If you’re doing work 9,000 feet above sea level, young folks might need oxygen and old folks might need to rethink their life choices. So goes the conventional wisdom with Neil Young, who relocated to Telluride, Colorado after losing his California home in the 2018 Woolsey fire. He’s been relentlessly productive as a solo artist and bandleader, an elder statesman of rock with two score of albums to his name, yet those albums have felt more and more middling as he’s progressed through his 60s and 70s. Colorado finds him fronting his friends in Crazy Horse for their fourth go-round this century, the results of a productive 11-day session this past April with Bruce Springsteen guitarist Nils Lofgren rejoining the Crazy Horse lineup for the first time since sessions for Tonight’s the Night 46 years ago.
Despite this being the band with whom Young’s made some of his loudest music, a combination of subject matter and—yeah, gonna go here—age make Colorado a far more subdued and deliberate affair. “She Showed Me Love” is meant to be this album’s epic, for example, but the workmanlike instrumental squeal and Ralph Molina’s simple drum chug are timeless only in that they feel like they go on forever. Those guitars that once produced the painterly feedback of Rust Never Sleeps and the gruff, country-fried balladry of Ragged Glory even get switched out completely for acoustic pleasantries, driven by harmonica (“Think of Me”) and piano (the Western-movie bar tune “Eternity”) more in line with Young’s solo work.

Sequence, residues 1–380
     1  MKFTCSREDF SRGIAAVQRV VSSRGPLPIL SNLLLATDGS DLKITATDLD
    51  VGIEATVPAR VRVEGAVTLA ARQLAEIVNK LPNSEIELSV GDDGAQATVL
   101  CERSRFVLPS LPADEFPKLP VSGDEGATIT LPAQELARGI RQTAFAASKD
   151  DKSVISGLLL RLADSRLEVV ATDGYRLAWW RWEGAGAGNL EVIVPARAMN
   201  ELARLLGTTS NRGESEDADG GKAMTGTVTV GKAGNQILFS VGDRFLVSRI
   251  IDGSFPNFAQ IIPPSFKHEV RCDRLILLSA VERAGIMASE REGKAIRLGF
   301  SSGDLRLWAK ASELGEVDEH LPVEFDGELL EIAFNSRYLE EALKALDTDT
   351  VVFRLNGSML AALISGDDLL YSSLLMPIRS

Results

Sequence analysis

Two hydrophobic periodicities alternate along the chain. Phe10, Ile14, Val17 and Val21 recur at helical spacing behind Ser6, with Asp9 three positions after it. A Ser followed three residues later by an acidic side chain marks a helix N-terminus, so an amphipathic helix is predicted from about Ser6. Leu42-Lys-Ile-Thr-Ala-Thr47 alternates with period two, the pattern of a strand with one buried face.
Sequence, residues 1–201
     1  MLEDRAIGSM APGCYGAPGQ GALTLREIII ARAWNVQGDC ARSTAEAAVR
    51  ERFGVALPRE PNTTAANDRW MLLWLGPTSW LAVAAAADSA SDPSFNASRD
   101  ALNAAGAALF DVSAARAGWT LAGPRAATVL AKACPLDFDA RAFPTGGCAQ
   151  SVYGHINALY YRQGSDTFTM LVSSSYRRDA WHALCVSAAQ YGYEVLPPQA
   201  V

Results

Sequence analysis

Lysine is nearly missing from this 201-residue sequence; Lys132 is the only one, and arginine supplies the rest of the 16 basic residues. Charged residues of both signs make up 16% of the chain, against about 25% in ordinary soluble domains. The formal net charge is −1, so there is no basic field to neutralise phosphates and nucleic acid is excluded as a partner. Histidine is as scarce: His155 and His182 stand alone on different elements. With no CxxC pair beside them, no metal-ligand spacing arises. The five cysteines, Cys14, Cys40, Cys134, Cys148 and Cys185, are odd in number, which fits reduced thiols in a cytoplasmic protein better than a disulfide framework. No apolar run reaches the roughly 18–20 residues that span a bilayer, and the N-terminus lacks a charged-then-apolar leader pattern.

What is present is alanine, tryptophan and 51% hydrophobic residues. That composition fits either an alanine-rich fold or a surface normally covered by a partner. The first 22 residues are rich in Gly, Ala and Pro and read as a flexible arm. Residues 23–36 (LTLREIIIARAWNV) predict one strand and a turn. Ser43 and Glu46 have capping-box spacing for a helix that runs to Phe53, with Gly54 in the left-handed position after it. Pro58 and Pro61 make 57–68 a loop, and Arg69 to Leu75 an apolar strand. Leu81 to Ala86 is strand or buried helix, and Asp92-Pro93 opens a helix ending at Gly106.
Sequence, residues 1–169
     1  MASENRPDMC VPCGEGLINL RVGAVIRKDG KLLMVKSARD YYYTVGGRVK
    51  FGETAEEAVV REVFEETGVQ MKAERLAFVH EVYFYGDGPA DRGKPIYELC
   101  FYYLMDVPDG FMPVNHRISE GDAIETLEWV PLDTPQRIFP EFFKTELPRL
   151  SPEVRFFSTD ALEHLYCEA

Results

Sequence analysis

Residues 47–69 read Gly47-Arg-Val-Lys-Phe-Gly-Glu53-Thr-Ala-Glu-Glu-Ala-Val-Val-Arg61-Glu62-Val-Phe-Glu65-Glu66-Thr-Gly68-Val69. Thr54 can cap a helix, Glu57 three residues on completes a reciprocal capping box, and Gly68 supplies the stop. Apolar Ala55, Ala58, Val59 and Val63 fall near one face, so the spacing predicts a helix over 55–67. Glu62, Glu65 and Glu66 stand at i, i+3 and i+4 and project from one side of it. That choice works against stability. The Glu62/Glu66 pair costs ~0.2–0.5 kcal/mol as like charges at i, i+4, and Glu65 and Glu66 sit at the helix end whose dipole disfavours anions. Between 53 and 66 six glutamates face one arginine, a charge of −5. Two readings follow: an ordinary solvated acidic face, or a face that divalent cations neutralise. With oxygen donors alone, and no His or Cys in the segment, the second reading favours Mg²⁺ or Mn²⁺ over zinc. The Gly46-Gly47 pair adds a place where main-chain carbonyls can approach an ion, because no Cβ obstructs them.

Measured desperation makes for some of Colorado’s best songs. Young and Crazy Horse rock hardest and best on “Help Me Lose My Mind,” and “Green is Blue” is the prettiest of Young’s forays into climate-change messaging. “Rainbow of Colors” manages to not quite trip over itself, a “God Bless the USA” that celebrates diversity instead of empty jingoism, but there are other instances where his activist songwriting is embarrassingly hackneyed. There’s some unexpectedly delicate but good music on Colorado; it’s just made at the expense of the wall of sound fans have grown to love. And in creating a few deeply affecting moments on an album that’s just as deeply flawed, you have to wonder if Neil Young’s mystique is coming to an end regardless of the players behind him.
Adam Blyweiss is associate editor of Treble. A graphic designer and design teacher by trade, Adam has written about music since his 1990s college days and been published at MXDWN and e|i magazine. Based in Philadelphia, Adam has also DJ’d for terrestrial and streaming radio from WXPN and WKDU.